Immediately after returning from Dalgety Bay we had an intensive couple of days preparing our Macwester Malin for an appointment up river to the opening of the Kelpies at the Helix in Falkirk. Over the weekend, a chum from the club helped show us how to build the wooden supports we would need for our masts, and we also removed both booms, the genoa, plus anything else that we dare dismantle.
We set off on Monday the 6th, not long after Ramillies the other yacht from our club making the journey that day. At first it was a little on the rough side out on the water, but we made good progress at 7 knots over the ground motoring into the wind. Ramillies motored off into the distance, and we later discovered that she has a 100 horsepower engine which is three times more power than our Lombardini diesel packs. Nonetheless we passed Longannet, and made it to the mouth of the River Carron in good time.
After passing Grangemouth yacht club and entering the Forth and Clyde canal system, the plan was for both yachts to step their masts on arrival, in order to access the Kelpies Basin that night.
Unfortunately for the skipper of Ramillies, the crane was too small to tackle its mast. Our Macwester Malin’s main mast is smaller, but we didn’t have any luck either as the bolts at the base of our mizzen mast were seized.
Eventually both yachts sailed up the canal, through the bridge (above) toward the M9 motorway that barred the path to the 30-metre high Kelpies. Close but no cigar; we were destined to spend the night with our masts remaining stubbornly up.
It’s perhaps worth pointing out that yachts passing through the bridge above almost always have their masts down, and it was a bit of a worry making sure that we were far enough over to starboard to avoid a collision between the bridge and our spars.
That night, a good chum from the club (skipper of Joint Venture) arrived with his toolbox and a determined look on his face. It took us until a rather soggy 11pm (when I say ‘us’, it was most definitely mainly ‘him’), but we managed to get the bolts freed-off and ready to have another go stepping our Macwester Malin’s masts in the morning. We couldn’t have done it without his help.
By 8am the next morning we had turned our 32ft Macwester Malin around, gingerly passed through the road bridge again (stopping the rush hour traffic), and made the journey back down the canal, ready to have another go at stepping the masts. Despite having no chance of making it through himself, the skipper of Ramillies came to give us a hand lowering our masts. This time the mizzen was reasonably straightforward, but the main was a real pain. As with the night before’s efforts, we couldn’t have lowered the main mast without the help of our chum from Ramillies.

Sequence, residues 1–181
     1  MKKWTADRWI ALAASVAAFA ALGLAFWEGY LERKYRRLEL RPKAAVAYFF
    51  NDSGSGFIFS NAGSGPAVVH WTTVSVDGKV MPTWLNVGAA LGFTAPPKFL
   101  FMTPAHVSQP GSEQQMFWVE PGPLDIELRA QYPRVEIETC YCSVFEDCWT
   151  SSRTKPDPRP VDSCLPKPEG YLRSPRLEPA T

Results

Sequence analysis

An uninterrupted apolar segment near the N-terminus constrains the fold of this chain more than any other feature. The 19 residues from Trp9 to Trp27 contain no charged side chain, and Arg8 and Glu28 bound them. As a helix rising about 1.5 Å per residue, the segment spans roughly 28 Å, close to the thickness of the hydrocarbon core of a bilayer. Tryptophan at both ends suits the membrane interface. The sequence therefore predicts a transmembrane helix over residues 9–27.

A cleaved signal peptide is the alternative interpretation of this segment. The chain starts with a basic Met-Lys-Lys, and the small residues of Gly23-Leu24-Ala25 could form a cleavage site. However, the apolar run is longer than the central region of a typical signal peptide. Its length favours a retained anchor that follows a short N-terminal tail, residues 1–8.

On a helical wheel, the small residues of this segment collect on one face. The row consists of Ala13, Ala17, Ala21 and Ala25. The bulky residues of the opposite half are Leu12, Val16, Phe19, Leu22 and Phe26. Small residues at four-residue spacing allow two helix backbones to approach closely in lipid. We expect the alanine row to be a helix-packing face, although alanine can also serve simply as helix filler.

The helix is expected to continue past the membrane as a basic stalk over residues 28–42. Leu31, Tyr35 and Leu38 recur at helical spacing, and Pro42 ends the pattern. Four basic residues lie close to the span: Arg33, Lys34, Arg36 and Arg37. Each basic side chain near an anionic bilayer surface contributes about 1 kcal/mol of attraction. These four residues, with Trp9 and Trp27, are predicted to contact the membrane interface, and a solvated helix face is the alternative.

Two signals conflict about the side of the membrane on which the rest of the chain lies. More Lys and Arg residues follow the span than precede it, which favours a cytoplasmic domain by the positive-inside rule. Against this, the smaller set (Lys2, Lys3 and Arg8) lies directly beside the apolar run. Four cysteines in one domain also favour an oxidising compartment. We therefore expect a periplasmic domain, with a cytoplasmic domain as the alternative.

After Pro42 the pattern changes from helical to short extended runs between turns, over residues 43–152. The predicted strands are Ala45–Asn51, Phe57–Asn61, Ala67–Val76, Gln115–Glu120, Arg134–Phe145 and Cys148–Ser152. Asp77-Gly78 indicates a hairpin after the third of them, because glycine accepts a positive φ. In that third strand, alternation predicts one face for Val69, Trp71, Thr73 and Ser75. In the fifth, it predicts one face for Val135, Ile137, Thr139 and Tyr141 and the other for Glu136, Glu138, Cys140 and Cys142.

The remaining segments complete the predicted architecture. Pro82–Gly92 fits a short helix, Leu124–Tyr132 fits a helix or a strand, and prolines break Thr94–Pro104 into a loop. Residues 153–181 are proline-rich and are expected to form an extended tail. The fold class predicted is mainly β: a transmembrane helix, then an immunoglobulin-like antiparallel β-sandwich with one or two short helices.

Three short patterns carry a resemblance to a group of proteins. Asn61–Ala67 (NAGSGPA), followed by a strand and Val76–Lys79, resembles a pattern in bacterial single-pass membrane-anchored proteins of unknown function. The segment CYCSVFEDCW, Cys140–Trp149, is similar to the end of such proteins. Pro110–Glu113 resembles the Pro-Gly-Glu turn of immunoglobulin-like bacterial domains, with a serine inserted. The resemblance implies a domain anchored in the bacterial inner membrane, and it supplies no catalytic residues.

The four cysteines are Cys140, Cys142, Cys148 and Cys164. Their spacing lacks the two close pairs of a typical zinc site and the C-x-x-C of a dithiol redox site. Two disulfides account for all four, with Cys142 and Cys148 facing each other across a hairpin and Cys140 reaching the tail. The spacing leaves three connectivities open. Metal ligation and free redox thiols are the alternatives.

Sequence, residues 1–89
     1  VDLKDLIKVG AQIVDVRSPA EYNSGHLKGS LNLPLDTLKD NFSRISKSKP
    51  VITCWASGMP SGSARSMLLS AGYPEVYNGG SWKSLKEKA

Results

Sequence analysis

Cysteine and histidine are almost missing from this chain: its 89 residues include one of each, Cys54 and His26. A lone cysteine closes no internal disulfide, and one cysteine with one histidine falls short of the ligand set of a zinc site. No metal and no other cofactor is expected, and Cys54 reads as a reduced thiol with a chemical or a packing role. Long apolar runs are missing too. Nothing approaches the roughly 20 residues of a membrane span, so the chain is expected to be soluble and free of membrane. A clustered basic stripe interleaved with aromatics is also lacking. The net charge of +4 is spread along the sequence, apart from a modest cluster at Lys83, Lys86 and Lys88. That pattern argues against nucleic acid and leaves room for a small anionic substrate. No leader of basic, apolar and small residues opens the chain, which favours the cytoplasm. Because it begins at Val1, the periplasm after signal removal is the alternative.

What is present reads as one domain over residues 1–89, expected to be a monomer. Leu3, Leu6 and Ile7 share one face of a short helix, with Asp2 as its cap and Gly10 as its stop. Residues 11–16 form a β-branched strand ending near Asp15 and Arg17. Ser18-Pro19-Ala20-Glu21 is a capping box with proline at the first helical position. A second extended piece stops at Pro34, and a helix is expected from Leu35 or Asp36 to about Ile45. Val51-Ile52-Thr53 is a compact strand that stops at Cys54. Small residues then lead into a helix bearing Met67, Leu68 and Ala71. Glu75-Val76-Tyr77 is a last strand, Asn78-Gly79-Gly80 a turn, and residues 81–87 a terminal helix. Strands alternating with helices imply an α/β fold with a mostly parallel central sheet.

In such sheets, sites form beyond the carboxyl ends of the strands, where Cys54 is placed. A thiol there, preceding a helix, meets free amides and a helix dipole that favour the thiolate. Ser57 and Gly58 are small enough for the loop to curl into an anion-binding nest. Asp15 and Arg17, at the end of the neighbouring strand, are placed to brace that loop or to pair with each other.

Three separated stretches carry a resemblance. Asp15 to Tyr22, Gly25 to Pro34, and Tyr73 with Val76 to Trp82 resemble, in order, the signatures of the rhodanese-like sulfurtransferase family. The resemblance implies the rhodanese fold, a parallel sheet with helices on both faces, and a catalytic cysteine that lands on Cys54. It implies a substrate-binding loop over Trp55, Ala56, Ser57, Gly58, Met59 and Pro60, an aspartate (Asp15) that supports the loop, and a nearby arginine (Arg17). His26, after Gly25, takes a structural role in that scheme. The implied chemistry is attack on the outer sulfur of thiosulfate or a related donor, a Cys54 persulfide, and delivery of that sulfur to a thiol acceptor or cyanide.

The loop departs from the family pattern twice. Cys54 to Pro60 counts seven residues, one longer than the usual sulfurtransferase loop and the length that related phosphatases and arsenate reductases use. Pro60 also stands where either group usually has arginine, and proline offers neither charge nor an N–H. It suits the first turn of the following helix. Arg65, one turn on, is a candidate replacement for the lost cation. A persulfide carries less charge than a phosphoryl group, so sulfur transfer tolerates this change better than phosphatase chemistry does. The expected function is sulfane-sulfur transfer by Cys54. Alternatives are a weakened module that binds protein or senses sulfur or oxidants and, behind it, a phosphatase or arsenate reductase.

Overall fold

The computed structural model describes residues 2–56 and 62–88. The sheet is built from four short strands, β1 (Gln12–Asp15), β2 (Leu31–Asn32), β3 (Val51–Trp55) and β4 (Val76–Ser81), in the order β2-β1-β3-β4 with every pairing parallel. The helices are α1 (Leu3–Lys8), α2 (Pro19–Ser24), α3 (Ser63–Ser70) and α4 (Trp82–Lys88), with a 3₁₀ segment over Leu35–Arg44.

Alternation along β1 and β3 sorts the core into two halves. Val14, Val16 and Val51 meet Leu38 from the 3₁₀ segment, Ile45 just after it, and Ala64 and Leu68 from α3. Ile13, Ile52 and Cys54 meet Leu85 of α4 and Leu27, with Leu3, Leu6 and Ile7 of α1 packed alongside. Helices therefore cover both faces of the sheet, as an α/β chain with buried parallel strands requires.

With both masts down and resting on their wooden supports as intended, we made it under the M9 motorway through to the Kelpies …and all of a sudden we were the focus of 500 hundred eyes! 500 eyes sounds twice as scary as 250 pairs of eyes in my book. We took it slowly and managed to avoid any embarrassing mishaps.
The Kelpies lock is the smallest in Scotland, and so we were in and out within ten minutes. It felt more like two. Exiting was a bit on the tight side as there was a small yacht blocking the way, but we managed to squeeze through into the Kelpies Basin, and headed for a large space on the pontoon directly opposite.
It was a relief to make it through at last, as we really thought that it wasn’t going to happen the day before. It was definitely a team effort though, and given that we were now destined to be the only yacht that made it through for the grand opening the following day, we realised that we had to fly the flag on behalf of the club.
The basic idea was that the organisers wanted two yachts with masts up for the opening ceremony, and (given that we were the only yacht that had made it through), the pressure was on us. Thankfully, our chum, the skipper of Ramillies, also helped us get both masts back up that afternoon.
Later that day, two more yachts from our club, Joint Venture, and Calloo made the journey up and joined Ramillies, all sitting in a row with their masts up, just to the east of the M9 motorway.
It was a long day; we slept well.